Woodstakes – very written friend ! :)

      • blomfeld - Dec 19, 2012 at 8:46 PM

        sorry Woodstakes … meant to say very well written …

  9. voltron217 - Dec 19, 2012 at 4:30 PM

    Not to mention how the owners put the players in 5 star hotels, give them free food and an allowance on away trips all at the expense of the owners. Maybe the players should pay for that since the owners are greedy rich guys.

    • manchestermiracle - Dec 19, 2012 at 9:29 PM

      It’s called competing for services rendered. The owners’ biggest competition in signing players are other owners. If they can’t offer contracts in line with their finances and overpay just to beat out another owner for a player’s services, how do you blame the employee for that?

    • smssr68 - Dec 20, 2012 at 1:37 PM

      As per its request, Oilers ownership is speaking in front of Edmonton city councilors today in hopes that negotiations for a new $450 million downtown arena can be restarted.

      In October, the city called off talks in the wake of the Katz Group’s request for an additional $6 million annual operating subsidy.

      Today, after stating the Oilers were “stunned” at the city’s decision to cease talks, Katz Group executive John Karvellas said the $6 million request has been withdrawn. Instead, he proposed that any extra tax revenue (beyond expectations) collected from the arena district be given to the club.

      There also remains the matter of the $100 million shortfall that the city and the Oilers are hoping the province will provide in some form or another.

      For all the scintillating details, the Edmonton Journal is covering the meeting here. It’s a bit like a City of Glendale meeting, except it’s colder outside.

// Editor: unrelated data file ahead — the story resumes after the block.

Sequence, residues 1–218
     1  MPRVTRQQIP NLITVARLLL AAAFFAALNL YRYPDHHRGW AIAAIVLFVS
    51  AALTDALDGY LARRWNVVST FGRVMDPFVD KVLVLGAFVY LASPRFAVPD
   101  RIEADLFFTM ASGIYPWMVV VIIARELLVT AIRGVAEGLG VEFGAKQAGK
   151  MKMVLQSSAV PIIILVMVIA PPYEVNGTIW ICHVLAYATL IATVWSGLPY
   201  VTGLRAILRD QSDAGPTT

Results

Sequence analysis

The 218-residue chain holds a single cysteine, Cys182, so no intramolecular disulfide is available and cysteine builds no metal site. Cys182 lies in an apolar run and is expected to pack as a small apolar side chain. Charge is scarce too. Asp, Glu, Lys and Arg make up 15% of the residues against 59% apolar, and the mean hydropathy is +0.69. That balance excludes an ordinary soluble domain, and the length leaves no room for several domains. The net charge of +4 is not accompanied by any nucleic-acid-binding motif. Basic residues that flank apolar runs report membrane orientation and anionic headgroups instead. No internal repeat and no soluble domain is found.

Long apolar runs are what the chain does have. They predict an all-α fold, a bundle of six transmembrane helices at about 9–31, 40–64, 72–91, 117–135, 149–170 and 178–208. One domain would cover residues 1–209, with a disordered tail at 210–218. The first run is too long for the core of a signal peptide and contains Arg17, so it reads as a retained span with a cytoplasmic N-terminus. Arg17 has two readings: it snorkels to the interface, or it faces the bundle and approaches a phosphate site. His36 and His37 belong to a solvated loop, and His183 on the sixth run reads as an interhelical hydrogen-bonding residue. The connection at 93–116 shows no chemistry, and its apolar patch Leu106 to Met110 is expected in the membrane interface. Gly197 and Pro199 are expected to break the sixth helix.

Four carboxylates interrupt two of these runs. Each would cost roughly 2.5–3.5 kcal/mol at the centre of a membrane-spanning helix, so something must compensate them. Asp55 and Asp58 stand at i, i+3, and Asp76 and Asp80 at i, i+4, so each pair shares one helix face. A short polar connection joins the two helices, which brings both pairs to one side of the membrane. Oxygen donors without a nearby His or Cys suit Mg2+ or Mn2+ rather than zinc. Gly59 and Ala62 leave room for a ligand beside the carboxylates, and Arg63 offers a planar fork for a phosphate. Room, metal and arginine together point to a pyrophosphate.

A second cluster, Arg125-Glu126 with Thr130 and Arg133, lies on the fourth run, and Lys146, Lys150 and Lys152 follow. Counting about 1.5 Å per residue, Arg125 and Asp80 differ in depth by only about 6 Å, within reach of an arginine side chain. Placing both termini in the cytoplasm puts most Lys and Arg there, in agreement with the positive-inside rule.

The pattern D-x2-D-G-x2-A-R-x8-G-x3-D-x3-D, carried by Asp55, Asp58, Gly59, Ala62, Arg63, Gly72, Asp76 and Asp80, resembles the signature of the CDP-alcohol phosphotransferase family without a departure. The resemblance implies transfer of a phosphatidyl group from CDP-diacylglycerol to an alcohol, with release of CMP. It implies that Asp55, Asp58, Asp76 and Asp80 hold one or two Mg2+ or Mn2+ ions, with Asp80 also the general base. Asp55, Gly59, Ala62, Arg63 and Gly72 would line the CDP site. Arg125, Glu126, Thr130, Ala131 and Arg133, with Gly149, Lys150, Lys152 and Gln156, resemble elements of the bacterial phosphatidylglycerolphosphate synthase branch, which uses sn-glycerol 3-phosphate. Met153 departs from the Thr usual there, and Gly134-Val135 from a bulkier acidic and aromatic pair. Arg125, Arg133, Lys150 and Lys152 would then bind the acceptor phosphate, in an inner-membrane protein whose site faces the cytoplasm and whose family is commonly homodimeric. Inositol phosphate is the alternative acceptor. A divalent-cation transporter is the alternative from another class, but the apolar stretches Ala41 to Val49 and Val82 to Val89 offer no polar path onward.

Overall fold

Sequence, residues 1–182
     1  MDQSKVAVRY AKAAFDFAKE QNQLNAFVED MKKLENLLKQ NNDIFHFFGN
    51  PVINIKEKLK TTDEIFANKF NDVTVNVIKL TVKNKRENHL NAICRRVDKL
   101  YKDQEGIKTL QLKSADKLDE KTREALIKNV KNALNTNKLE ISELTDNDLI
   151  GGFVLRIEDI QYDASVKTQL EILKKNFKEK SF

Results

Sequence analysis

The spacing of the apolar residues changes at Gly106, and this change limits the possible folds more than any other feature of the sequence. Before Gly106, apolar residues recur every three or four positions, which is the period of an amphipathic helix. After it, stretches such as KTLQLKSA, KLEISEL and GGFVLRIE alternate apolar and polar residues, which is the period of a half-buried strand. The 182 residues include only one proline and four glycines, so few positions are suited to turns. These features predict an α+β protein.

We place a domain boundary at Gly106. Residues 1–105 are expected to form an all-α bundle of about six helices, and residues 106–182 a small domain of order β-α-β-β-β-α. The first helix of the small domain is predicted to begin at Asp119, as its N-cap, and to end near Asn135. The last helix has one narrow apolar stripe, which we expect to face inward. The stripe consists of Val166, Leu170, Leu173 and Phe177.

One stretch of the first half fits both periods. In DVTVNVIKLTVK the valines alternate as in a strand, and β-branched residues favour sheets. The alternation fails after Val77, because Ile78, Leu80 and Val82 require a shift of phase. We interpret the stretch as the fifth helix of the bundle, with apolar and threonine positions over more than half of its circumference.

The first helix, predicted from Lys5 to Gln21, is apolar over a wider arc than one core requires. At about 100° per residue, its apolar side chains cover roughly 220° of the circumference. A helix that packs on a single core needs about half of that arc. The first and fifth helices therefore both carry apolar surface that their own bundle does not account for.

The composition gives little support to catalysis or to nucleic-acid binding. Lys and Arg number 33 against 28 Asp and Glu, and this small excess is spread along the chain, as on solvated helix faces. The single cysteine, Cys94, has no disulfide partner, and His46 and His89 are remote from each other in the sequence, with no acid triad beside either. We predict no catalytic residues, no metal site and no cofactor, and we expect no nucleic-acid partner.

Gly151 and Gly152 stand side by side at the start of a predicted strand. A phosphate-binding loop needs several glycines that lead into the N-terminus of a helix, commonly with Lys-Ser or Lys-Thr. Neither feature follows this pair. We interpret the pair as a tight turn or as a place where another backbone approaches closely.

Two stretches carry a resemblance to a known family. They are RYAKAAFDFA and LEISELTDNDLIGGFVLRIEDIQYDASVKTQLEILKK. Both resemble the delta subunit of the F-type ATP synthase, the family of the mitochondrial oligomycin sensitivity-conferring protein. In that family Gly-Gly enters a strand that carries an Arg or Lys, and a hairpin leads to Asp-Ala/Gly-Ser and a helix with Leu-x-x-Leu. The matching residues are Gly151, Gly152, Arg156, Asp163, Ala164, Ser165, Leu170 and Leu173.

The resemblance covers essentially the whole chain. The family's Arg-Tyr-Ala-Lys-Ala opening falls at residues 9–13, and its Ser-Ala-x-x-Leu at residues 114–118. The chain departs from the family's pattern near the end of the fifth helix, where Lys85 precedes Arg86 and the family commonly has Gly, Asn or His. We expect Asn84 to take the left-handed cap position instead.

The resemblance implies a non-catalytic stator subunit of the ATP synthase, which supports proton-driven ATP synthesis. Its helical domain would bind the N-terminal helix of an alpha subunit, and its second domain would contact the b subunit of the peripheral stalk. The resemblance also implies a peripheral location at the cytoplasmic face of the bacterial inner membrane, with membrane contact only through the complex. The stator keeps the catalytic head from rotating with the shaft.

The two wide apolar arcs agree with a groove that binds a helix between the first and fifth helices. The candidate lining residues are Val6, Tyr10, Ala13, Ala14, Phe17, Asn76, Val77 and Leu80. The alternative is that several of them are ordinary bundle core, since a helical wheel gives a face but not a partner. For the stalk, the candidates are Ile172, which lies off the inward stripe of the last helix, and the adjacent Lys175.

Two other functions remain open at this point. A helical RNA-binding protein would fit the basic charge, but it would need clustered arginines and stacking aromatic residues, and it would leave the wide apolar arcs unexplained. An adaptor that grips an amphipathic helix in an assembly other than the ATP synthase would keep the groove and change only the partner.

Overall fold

Heres an example of owners assuming all the risk for you(sarcasm in case you don’t understand).

  10. id4joey - Dec 19, 2012 at 7:02 PM

    According to a well known ex coach, “Done deal!” Players will report to camp on or near Jan 1st and the season will start on or near Jan 10.

    Pat Brisson is calling the payers he represents telling them to be ready. He had a private conversation with Fehr, and played a huge role to bring both sides to the table.

  11. sportsfan69 - Dec 19, 2012 at 8:03 PM

    Hey Donald,

    Here’s reality, if a CBA is NOT completed by January 5th, the NHL should cancel the season. Yes, the drop dead date is the 5th of January, because it will take three weeks for the teams to get ready for a 48 game schedule. Remember, teams need a week to sign their restrictive players, along with any free agents. Then, the clubs will need two weeks to complete a revised training camp. This is professional hockey, not a charity tournament. The 25th is the key date, it’s Saturday. Games could start at 1 PM, 4 PM, 7 PM, and 10:30 PM. That’s it boys, you have until January 5th to establish an agreement. Otherwise, you can start living like the 99 percent crowd. I wouldn’t surprised that your GUARANTEED contracts will be null and void in next CBA agreement. Piss and whine all you want, that’s reality. Stop the Whining!

  12. sportsfan69 - Dec 19, 2012 at 8:27 PM

    Bill Daly takes the clothes off. He takes out the Fehr bothers. Unfortunately, Gary suffers a heart attack.

  13. sportsfan69 - Dec 19, 2012 at 8:28 PM